Just in time for the holidays, here is our upcoming schedule of Winter Workshops and Goat Hikes. If you’re interested in a private hike or class, please don’t hesitate to be in touch. Wishing you all the joys of the season–we hope to see you at the farm this winter!
Winter Goat Hikes
Sunday December 27, 10am-12pm
Sunday January 3, 1pm-3pm (TIME CHANGE!)
Sunday January 24, 10am-12pm
Sunday February 7, 2pm-4pm (time change!)
Winter goat hikes are weather permitting, depending on cold and snow conditions. We can generally let you know if the hike will go 3 days prior to the hike. All hikes are $10 per person. Max 15 people. For more information about goat hikes, visit our Hikes & Workshops page.
Don’t Forget! We’re always happy to schedule a private goat hike for you and a group of 6-15 people — just contact us!
Bread Baking: Sunday January 31, 9am-1pm (DATE CHANGE)
Get ready for a new year of fresh homemade bread! In this workshop we’ll make a variety of simple yeast breads, including basic whole wheat, no-knead white, and stove-top pita. Morning workshop starts with fresh scones and ends with a potluck lunch. $35 fee includes treats to take home. Limit 8 people.
Basic Home Cheesemaking: Sunday February 28, 9am-3pm
Learn how to make easy homestead cheeses in your own kitchen! In this workshop, we’ll make a simple fresh chévre and Ten Apple Farm’s signature MonChaCha, a firm raw milk aged goat cheese. Workshop lasts all day, with a potluck lunch, afternoon tasting of our favorite American artisanal goat cheeses, and evening milking lesson. $45 fee includes cheese tasting and packets of culture to make your own cheese at home. Limit 10 people.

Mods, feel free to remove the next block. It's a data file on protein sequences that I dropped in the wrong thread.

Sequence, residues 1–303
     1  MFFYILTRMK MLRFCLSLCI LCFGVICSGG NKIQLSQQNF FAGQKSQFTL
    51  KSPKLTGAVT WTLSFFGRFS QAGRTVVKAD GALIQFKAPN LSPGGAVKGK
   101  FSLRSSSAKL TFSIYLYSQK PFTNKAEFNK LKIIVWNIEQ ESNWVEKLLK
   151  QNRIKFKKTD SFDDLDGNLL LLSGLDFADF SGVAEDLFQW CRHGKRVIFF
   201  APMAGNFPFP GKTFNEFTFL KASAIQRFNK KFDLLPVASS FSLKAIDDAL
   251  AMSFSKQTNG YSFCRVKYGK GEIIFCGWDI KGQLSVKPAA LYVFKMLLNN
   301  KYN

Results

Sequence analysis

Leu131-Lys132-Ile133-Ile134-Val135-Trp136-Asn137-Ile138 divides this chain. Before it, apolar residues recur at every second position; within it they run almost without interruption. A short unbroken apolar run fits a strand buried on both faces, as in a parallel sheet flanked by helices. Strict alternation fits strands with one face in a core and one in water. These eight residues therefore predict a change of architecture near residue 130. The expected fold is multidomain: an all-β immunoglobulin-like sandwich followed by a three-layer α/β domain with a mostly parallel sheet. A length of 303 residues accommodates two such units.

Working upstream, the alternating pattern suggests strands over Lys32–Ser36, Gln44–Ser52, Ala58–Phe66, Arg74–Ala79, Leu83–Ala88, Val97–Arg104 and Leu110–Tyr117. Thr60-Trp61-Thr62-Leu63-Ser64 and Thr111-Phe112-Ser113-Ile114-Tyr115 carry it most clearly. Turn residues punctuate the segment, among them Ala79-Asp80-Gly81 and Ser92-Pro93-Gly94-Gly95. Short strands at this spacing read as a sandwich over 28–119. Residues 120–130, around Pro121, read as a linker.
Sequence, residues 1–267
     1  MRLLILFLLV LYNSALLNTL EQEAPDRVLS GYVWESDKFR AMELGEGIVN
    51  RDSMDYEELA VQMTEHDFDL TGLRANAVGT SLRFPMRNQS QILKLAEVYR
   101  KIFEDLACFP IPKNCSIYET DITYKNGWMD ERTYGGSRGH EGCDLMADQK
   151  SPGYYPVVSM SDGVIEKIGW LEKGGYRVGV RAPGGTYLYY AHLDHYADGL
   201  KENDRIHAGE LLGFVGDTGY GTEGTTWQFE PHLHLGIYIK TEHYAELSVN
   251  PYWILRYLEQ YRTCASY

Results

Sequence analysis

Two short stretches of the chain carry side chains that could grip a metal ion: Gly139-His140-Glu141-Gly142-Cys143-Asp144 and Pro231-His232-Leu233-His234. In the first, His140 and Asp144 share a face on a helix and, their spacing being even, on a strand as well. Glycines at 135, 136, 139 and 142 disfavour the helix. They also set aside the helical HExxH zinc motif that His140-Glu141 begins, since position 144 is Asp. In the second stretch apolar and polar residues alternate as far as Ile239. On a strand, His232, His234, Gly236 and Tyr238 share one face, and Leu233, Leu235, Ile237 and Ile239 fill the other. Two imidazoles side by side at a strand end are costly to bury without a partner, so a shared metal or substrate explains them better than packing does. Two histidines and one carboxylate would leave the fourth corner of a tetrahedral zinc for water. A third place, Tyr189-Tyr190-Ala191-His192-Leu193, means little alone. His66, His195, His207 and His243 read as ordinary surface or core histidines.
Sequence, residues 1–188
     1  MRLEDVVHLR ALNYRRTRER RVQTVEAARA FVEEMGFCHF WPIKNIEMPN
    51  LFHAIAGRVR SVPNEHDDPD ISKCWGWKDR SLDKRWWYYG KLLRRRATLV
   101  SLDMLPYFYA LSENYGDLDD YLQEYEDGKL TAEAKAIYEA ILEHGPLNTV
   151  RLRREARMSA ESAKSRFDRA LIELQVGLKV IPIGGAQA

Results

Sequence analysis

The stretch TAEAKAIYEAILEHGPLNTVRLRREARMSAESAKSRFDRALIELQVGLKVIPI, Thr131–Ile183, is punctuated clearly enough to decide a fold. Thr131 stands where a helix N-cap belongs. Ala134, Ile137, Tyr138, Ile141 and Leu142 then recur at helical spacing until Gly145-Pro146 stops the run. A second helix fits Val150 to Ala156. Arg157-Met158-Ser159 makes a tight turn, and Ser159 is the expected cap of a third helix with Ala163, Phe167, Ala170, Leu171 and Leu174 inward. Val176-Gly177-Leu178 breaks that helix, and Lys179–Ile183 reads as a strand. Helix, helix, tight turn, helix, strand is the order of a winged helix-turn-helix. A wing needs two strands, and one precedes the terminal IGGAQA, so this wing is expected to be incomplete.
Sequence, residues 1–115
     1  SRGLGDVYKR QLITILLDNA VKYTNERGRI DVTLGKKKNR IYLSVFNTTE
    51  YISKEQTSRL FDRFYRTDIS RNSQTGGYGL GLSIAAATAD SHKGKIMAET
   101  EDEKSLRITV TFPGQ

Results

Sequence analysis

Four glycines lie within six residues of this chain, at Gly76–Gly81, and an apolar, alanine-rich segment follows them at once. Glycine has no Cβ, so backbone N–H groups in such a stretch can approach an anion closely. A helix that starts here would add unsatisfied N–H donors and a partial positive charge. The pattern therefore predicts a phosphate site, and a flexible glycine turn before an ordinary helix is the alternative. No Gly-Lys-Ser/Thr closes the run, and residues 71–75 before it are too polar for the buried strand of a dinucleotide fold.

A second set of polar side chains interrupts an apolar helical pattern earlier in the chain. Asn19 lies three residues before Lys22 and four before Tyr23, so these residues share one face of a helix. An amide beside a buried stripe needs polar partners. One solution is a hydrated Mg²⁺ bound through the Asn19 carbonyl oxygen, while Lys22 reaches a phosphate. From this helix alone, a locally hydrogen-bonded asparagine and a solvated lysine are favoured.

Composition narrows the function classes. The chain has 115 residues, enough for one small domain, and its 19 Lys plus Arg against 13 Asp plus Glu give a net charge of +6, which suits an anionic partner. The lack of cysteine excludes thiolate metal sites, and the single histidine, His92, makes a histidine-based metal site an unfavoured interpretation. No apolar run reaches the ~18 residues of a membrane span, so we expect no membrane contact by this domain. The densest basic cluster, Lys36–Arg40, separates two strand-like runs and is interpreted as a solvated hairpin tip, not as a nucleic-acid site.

We’ll admit, we hadn’t heard of FEED Projects, or the great work they’re doing to combat global hunger, until about a month ago, when photos of gorgeous dinner parties started appearing in our Instagram feed with the hashtag #FEEDsupper. We were drawn in by the phenomenal tablescapes, but then we read about the work the organization does and we were sold. Social media in action! We loved this idea–in part, because we love any excuse to throw a party, but also because, at least on a couple sides of our family, we’re not many generations removed from food insecurity. We have the great good fortune to raise our children free of want, but this wasn’t the case for many of our great-grandparents, and it isn’t the case for millions of families around the planet. Sadly, we don’t have to look to Africa or Central America to see evidence of hunger (though it is there in abundance); in Maine we have an ongoing hunger crisis, with 24% of Maine children, and 23% of our seniors experiencing some form of food insecurity. So how does throwing a fancy party help? For one thing, our guests were asked, instead of bringing us wine or flowers, to please make a donation to FEED Project through our FEED Supper donation page. Anyone can make a donation–feel free to donate, spread the word and help us meet our fundraising goal! (We’ll make you dinner another time! Promise.) For another, we involved the girls in the planning, cooking, decorating, and hosting, which gave us an opportunity to talk to them about the reasons we were asking people to support this cause. As we stirred apple butter and rolled out lavash crackers for the party, I told the girls about how their beloved GGPa (my grandfather) had lived in an orphanage when he was Sadie’s age because his mom didn’t have enough money to feed him. And how another of my great-grandmothers had used the heavy cast iron frying pans hanging above our stove to make cider doughnuts for Grampa Steve (my dad) to take to Boy Scouts when his parents’ food budget couldn’t stretch far enough. Hunger is not shameful, and food insecurity can happen to anyone. Hosting a FEED Supper as a family gave us a chance to remind the girls how lucky we are. We started the gathering with an afternoon goat hike, which segued into goat milking, apple picking (kids picked, dads peeled, we all assembled into a Ten Apple Crisp) and sack racing. Adults sipped Cinnamon Quince Old Fashioned cocktails on the porch and nibbled on goat cheeses from our farm with Charlotte and Bea’s amazing lavash. The vegetarian dinner featured produce from our garden and several local farms, and everyone got a jar of Molasses Apple Butter to take home. It was a wonderful evening, and we’re so grateful to everyone who attended!